The Haines Library wrapped up its “Read to a Dog” program Monday, when children read to dog Gus for the last time this summer. Sophia Sutcliffe Diaz, 9, said Gus looked at the pages and put his paw on the book as she read. Children’s librarian Holly Davis said Gus maintains concentration as children read. The border collie mix became a certified therapy dog last year. Owner Randa Szymanski plans to take Gus to Pennsylvania this winter, where disadvantaged school children, some of whom won’t speak in class, will read to him.

There’s not as much quacking going on at Melina Shields and Tim Hockin’s Mud Bay property. Melina’s favorite pet duck, La Morena, was carried off by a bald eagle two weeks ago. “She was a fine duck,” Melina said. She was friendly and a good layer.

Dog Finn of Anchorage is finishing up his summer in Haines with owner Dana Buchanan, a Haines guide. They’re staying with Tracy Cui, her roommates, and her dog Echo and cat Xiaogou. Finn and Echo, both yellow Labradors, have become friends, Tracy said. Finn has enjoyed hiking, swimming, and playing Frisbee with Echo. Finn also attended the July 4 fireworks show with Dana at the parade grounds.

The Moore family spent mid-July at the Monkey Tail Ranch in Hollister, Calif., where Alex Moore’s service dog Gus was trained three years ago. Gus got to meet other service dogs, Alex’s mother Victoria said. Victoria, husband Josh, Alex, Gus, and Chihuahua Gizmo spent five additional weeks traveling in their camper in the Pacific Northwest. The family met up with former residents Phil and Robin Benner and beagle Haylee in Seattle. The Benners recently put down their beagle Zoey.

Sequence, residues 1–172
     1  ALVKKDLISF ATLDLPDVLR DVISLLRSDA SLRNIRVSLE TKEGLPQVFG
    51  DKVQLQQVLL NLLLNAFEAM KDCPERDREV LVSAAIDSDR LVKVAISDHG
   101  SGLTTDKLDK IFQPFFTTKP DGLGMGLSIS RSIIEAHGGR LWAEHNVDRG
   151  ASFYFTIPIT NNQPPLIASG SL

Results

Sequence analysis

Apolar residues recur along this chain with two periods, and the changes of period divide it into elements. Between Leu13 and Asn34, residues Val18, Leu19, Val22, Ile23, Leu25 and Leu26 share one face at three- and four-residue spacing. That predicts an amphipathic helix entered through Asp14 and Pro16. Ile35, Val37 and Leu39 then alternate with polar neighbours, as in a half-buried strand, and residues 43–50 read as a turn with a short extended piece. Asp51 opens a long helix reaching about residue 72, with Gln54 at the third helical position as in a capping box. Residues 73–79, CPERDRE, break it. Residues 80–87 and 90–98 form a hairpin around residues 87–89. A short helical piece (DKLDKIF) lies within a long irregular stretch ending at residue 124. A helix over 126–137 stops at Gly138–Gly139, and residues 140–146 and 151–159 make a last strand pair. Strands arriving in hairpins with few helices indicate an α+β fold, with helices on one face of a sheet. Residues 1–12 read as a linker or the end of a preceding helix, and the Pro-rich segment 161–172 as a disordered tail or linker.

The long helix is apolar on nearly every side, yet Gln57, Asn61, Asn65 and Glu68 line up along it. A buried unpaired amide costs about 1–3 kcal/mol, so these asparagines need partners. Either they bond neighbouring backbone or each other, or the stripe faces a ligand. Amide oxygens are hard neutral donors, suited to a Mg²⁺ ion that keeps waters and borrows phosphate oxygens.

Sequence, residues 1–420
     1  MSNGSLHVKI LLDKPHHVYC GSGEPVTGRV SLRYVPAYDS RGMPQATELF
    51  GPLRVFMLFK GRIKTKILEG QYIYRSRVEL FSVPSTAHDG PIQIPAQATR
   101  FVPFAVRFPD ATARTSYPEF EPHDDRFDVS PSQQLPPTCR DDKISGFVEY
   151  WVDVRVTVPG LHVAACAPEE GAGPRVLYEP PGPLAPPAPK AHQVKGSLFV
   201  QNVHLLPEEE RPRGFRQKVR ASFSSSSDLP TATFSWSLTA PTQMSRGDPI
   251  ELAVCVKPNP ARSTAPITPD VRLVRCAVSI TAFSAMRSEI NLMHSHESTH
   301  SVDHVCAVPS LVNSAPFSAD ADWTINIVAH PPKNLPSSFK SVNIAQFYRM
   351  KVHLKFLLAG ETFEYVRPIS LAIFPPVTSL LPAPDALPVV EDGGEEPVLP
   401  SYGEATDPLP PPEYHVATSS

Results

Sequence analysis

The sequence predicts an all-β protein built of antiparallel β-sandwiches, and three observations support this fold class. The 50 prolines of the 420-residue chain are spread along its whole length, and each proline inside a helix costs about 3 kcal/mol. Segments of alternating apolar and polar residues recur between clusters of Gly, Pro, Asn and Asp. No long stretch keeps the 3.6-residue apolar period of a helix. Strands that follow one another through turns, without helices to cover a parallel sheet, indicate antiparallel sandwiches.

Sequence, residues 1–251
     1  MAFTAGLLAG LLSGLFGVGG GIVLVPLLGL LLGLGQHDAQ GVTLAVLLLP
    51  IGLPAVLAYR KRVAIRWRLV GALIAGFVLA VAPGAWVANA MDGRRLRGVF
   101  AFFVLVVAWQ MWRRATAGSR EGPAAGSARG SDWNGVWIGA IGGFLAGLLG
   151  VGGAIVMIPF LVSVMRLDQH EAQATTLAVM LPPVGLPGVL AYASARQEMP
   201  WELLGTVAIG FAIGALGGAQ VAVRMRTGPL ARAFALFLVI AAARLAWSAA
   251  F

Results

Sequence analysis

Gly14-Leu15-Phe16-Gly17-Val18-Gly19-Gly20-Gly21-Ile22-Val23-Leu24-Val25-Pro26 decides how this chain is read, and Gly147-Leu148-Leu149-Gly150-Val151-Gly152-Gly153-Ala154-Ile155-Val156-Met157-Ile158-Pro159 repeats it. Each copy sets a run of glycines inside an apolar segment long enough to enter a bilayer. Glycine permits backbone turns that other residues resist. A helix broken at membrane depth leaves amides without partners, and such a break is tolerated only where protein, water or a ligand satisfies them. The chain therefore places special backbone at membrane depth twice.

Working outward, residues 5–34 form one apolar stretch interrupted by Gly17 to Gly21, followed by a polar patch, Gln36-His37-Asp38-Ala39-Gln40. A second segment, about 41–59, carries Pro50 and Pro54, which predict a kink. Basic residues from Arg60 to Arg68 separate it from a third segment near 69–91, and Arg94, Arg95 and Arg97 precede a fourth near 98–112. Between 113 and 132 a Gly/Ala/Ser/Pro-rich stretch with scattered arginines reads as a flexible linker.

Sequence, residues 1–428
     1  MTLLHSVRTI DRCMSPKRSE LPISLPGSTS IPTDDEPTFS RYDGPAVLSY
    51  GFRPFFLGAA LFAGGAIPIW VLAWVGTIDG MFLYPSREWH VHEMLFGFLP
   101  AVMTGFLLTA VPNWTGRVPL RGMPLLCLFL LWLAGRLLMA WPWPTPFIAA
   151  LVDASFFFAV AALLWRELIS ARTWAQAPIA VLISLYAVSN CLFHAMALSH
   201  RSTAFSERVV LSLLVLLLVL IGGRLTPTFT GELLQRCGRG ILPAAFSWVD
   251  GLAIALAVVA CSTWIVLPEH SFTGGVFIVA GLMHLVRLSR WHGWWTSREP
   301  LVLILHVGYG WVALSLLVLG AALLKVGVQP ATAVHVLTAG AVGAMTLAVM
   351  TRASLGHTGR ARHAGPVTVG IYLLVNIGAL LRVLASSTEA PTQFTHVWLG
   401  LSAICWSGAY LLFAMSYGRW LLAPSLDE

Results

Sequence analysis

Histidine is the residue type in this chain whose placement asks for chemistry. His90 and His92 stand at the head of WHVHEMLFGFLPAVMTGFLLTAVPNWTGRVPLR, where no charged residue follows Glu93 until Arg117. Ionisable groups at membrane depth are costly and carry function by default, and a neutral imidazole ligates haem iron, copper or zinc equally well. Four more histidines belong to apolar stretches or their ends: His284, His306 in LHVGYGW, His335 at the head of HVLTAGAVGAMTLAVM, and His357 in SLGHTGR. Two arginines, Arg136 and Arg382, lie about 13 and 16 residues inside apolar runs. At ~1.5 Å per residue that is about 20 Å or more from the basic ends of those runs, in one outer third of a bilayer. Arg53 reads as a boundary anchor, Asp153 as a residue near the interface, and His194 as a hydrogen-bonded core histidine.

Barbara Pardee’s classroom turtles Raphaella and Donatella, who resided in the Haines School the past 26 years, have a new owner. Barbara, who recently retired as the school’s reading specialist, turned the turtles over to school reading coach Teri Kanahele. The red-eared sliders are summering with Teri and her family until the start of school, when they'll move into the K-5 computer lab. Different students have cared for the turtles each summer. In recent years they’ve resided in Pardee’s reading classroom. Pardee also had canaries, the late Skyler and Orange Sherbet, and a chinchilla, Gus-Gus, as class pets.

Mike and Lori Carter lost their beloved dog Snoopy, who died on summer solstice. He was well-loved and had many caregivers. Snoopy was the couple’s ring bearer at their wedding last summer. Snoopy, 15, had been blind and deaf the last two years.

Sonic, a dog owned by former Haines Animal Rescue Kennel executive director Steve Vick, has been running with Steve’s team of sled dogs in Fairbanks. Steve reports that the mutt is the unofficial mascot for his non-profit Noble Paws, a dog-mushing organization for people with disabilities.

The Haines Animal Rescue Kennel is offering dog obedience classes, beginning Aug. 10. Trainer Jennifer Loup of Michigan will hold classes for two weeks, including puppy kindergarten, basic obedience, and intermediate obedience. Specialized classes on topics such as preventing unwanted interactions with wildlife and teaching your dog fun tricks also will be offered. Personal consultation is available for tackling specific dog behavior problems. Call HARK at 766-3334.